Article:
On the contrary, though justified as a safety measure, surveillance enabled through data can lead to violence. Shubhangi at the Association For Advocacy and Legal Initiatives (AALI), Lucknow, a feminist legal advocacy and resource group working with domestic violence survivors, shared that during the COVID-19 lockdown, women who have access to mobile phones at home “are being subject to violence because they are spending ‘too much time’ on the telephone.” Additionally, women using shared family phones were unable to report domestic violence by calling helplines after offline modes of reporting broke down during the lockdown. Bishakha Datta, the Executive Director of Point of View, an organisation that works on gender and sexuality, shared: “People are scared of leaving a trace of the number that they are calling.” Restrictions are often culturally placed upon women’s access to mobile phones and the Internet because the liberatory potential of data is a threat to patriarchal boundaries. Controlling women’s access to data is a way to control their bodies, preventing them from reporting violence and using phones. Feminists have written extensively about the home being an unsafe and unequal space for women. Surveillance ensures that these inequalities within the home are kept in place, legitimised and reproduced structurally.
Sometimes it is not the persons being surveilled, but those carrying out surveillance who may face violence through it, if they hold lesser power in that dynamic. Consider the case of Accredited Social Health Activists (ASHA) workers, who are women from largely marginalised class and caste locations, and have been on the front-line of community healthcare during the pandemic. The Punjab Government launched the Ghar Ghar Nigrani app for ASHA workers to undertake home-to-home COVID-19 surveillance. Ranjit Kaur, a union leader in Punjab for the All India ASHA Worker and Facilitators Union, said: “If someone has a cough in the village, and ASHA enters that in the app, if they get called for enquiry, they blame the ASHA for putting them in that situation. ASHAs are facing violence due to it.” (translated from Hindi). Many incidents of violence against ASHA workers have been reported during their door-to-door surveillance tasks. Because of the fear that data collected by the app could lead to people being incarcerated or quarantined, they resort to violence to keep their data-as-bodies safe. The question of safety must then once again be placed in its social contexts — whose safety is the state looking out for? Over a million ASHAs have not been paid by the state for months during COVID-19, nor have they been provided safety gear. When over a hundred ASHA workers protested these conditions during the lockdown, a case was filed against them by the Delhi police.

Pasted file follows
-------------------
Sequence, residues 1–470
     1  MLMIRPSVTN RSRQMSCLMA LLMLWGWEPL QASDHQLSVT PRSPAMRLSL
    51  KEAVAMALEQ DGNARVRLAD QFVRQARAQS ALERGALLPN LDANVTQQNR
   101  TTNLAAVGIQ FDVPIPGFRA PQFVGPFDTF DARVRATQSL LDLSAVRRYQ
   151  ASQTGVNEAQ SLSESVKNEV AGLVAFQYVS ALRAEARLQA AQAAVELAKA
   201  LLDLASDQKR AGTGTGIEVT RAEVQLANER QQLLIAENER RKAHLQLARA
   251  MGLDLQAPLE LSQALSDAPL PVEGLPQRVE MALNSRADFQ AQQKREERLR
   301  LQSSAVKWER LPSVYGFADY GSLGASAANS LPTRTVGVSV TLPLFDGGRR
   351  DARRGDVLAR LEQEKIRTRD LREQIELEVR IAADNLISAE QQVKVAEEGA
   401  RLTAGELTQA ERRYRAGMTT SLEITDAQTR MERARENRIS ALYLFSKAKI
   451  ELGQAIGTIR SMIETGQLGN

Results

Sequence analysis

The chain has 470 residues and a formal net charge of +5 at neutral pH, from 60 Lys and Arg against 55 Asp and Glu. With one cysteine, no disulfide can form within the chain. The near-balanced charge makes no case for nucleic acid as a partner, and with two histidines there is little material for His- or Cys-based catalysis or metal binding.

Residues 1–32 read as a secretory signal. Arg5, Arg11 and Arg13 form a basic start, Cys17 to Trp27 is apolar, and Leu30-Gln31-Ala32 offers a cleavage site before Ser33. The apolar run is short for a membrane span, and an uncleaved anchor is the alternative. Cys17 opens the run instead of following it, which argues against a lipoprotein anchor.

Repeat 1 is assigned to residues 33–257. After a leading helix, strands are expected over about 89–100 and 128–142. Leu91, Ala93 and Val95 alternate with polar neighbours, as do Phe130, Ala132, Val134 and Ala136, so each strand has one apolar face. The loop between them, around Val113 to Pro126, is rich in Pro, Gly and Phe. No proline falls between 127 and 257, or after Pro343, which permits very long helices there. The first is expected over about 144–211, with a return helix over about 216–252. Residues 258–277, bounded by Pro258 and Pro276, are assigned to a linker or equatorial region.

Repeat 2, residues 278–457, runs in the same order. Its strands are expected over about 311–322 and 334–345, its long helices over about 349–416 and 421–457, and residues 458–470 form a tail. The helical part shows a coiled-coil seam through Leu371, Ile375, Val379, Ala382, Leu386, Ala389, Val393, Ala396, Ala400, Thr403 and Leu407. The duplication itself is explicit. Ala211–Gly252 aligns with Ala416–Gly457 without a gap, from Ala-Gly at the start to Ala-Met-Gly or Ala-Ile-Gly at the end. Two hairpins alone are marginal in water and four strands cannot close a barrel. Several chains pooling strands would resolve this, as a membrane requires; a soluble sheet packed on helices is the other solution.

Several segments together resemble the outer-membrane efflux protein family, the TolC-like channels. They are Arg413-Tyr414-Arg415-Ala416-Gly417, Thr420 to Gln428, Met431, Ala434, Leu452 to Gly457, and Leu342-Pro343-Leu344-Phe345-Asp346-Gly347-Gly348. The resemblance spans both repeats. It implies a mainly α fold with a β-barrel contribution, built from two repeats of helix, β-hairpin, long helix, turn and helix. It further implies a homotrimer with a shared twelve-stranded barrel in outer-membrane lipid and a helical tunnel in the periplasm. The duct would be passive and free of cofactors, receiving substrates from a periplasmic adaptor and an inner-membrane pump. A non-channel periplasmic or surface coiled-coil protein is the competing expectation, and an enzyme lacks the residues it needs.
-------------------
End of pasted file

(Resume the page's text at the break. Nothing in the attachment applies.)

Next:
Visibilising the connection between bodies and data brings to light its power relations and contexts, so the specific harms arising from its violations can be made explicit. In all of the discussed cases here, surveillance undermines not just data privacy, but the bodily integrity, autonomy, and dignity of individuals. While these violations are not new, they are now taking place in opaque digitally mediated ways that were not possible before. Data protection policies must move away from the dematerialised constructions of data as a resource, and adopt an embodied approach so that individuals have agency over not just their data, but also their bodies. Such an approach would ensure that our human rights are protected within legal frameworks in the digital age.